profile spotlight (5)

One Day in Boston

Profile Spotlight: Ken Winikur

Winikur Productions Demo Reel 2014 from Winikur Productions on Vimeo.

1. Who are you and what is your profession?

My name is Ken Winikur and I am a documentary filmmaker creating independent projects and work for museums.

2. Can you tell us a little about your background and upbringing?

I am a Philly boy born and bred who relocated to Boston about 10 years ago.  Yes, I hear a lot about Larry Bird but I still rock my Sixers jersey.

3. What inspired you to become a filmmaker?

When I was in high school my friends and I would make films on a Fisher Price Movie Camera.  It used to record sound and picture on cassettes and play back a very grainy, very cool, black and white image.  When I was in college I studied English Literature but always took film/video production classes.  It was then that I started to become very excited about the possibilities of how you could explore ideas through moving images.

4. Who or what do you most admire?

I admire people who live the lives that they want to live and not the lives they think they should.  That takes bravery and I admire brave people.

5. What do you love about Boston?

Each city has their own unique personality.  What I love about Boston is that it is permeated with an incredible sense of the possible.  Things actually change here.  Problems are addressed and solutions are sought.  There isn’t a fear of trying something new.  

6. What do you fear most for Boston?

My biggest fear for Boston is the loss of diversity.  Diversity is what makes cities vibrant.  All forms of diversity.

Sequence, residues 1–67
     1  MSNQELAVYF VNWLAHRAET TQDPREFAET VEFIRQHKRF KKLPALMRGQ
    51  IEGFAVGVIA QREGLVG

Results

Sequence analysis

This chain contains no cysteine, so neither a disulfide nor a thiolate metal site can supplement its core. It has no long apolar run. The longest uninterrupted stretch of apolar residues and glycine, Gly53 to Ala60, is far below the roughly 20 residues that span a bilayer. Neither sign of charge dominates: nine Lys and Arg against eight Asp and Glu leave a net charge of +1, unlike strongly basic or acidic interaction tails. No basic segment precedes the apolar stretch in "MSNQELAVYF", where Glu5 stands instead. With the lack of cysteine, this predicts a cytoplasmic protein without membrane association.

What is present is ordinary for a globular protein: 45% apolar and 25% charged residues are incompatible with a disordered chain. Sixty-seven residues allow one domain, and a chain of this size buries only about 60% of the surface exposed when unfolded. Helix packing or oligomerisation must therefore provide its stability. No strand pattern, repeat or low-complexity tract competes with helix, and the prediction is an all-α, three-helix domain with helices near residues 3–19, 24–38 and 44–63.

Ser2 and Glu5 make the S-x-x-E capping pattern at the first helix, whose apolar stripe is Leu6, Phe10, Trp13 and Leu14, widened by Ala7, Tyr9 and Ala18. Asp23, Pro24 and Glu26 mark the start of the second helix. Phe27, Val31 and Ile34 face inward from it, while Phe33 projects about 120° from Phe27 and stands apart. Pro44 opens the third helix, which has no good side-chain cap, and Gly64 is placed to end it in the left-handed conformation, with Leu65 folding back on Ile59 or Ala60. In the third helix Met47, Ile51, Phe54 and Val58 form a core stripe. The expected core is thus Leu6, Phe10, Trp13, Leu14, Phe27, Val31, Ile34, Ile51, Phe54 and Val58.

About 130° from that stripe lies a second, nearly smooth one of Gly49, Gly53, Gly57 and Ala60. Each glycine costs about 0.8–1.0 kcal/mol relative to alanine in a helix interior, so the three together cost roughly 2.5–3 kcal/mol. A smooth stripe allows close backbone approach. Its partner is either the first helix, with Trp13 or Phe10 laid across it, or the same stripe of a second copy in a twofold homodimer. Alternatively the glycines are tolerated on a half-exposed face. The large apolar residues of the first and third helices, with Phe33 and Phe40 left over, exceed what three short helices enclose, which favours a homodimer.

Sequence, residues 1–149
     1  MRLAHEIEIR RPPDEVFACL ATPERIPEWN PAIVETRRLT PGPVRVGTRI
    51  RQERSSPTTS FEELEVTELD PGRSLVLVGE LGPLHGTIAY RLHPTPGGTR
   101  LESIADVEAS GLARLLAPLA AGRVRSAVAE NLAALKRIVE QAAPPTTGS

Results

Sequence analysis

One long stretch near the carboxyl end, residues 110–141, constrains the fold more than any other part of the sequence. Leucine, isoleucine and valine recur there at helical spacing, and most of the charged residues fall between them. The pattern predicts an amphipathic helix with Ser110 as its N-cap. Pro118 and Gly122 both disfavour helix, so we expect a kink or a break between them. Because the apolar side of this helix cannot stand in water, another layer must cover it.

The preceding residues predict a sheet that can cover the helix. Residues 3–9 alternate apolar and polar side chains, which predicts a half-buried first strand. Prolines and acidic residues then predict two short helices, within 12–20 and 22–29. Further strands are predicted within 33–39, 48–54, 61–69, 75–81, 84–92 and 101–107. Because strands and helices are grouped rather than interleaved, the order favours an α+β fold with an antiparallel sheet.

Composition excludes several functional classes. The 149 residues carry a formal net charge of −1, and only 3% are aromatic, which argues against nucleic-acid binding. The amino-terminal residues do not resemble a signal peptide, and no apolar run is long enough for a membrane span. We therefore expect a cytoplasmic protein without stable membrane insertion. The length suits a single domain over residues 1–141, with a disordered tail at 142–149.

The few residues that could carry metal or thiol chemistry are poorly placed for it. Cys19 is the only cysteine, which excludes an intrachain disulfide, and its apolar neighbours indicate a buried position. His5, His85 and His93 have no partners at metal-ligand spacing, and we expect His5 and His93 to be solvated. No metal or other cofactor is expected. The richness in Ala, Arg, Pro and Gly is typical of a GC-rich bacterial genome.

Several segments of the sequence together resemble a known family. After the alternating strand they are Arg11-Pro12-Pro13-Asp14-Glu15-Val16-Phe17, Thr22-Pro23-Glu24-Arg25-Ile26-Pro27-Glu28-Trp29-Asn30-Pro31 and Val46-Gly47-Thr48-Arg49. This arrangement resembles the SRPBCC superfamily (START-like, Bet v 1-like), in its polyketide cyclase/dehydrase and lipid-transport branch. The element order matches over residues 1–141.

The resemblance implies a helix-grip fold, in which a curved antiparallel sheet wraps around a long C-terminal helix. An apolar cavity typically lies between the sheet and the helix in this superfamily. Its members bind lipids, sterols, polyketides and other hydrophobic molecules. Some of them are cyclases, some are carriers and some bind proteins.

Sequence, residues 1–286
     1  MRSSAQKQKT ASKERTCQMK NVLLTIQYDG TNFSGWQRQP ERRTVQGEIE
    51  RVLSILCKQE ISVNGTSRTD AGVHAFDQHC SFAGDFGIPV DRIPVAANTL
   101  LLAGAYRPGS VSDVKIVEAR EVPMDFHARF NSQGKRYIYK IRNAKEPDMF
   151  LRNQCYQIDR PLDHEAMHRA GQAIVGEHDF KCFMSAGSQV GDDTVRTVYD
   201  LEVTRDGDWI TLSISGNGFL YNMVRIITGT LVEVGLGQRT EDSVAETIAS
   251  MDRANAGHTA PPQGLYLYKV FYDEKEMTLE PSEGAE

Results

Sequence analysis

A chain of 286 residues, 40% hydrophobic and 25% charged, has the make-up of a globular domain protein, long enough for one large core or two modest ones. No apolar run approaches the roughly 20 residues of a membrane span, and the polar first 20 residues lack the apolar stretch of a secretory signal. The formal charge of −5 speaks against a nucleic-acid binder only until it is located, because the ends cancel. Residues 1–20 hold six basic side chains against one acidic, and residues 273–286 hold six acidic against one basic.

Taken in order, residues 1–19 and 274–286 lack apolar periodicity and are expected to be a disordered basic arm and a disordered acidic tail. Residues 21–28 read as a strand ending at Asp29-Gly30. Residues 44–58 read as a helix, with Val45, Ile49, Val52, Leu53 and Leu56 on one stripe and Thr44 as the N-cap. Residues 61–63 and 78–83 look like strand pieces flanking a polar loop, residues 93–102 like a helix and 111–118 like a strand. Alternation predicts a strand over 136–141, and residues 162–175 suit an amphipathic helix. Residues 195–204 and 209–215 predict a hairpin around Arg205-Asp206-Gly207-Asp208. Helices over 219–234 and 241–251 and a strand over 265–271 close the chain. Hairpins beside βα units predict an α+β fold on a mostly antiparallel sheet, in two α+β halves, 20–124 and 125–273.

7. What do you hope for Boston in the next 20 years?

I hope Boston continues to address its problems in creative and revolutionary ways.  I hope it never becomes complacent and I hope it finds solutions to core problems that can act as a model for other cities.

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One Day in Boston

Profile Spotlight: Rick Macomber

Air Traffic Controller "Ready or Not" [Official] Music Video from Rick Macomber on Vimeo.

1. Who are you and what is your profession?
My name is Rick Macomber. I am a filmmaker. I also have 30 plus years under my belt as a multiple Emmy award winning TV News photojournalist producing stories from around the globe such as a glimpse into the world of Cambodian refugees at a border camp in Thailand, the 50th anniversary of D-Day in Normandy, France and coverage of 9-11 from Ground Zero. I've interviewed countless rock legends, Hollywood and sports celebrities for CBS over the years.

2. Can you tell us a little about your background and upbringing?
I was born and raised in a small city just over the Tobin Bridge called Chelsea. I later moved to the picturesque sailing town of Marblehead, which is located on the North Shore of Boston.

3. What inspired you to become a filmmaker?
I confiscated my dad's Kodak Brownie 8mm movie camera when I was a teenager to shoot rock concerts and to document my crazy friends on our one year cross country adventure in my VW bus. From that point on I was hooked on motion pictures.

4. Who or what do you most admire?
To this day I have so much respect for people like Martin Luther King, Jr. for his work with the Civil Rights Movement leading up to and during a most horrible period in American history. It's great to see films like 12 Years a Slave and The Butler getting recognition around the world for their heartfelt stories.

5. What do you love about Boston?
Boston is a walkable city. I love that. From the cobblestone streets of Beacon Hill to the ultra hip Seaport waterfront, the city is easy to navigate. The Rose Fitzgerald Kennedy Greenway was a brilliant idea, connecting the North End with Quincy Market, the downtown area and the waterfront with beautiful parks and fountains along the way. The skyline is breathtaking now at night with the addition of the Zakim Bridge.

6. What do you fear most for Boston?
I think that affordable housing in Boston for the middle class is what I fear most. Real estate prices and rents are steadily rising in the city. Unless you are independently wealthy or sharing space with roommates, it's becoming increasingly difficult to find decent living space. I don't want to see Boston's housing become as unaffordable as it is in San Francisco.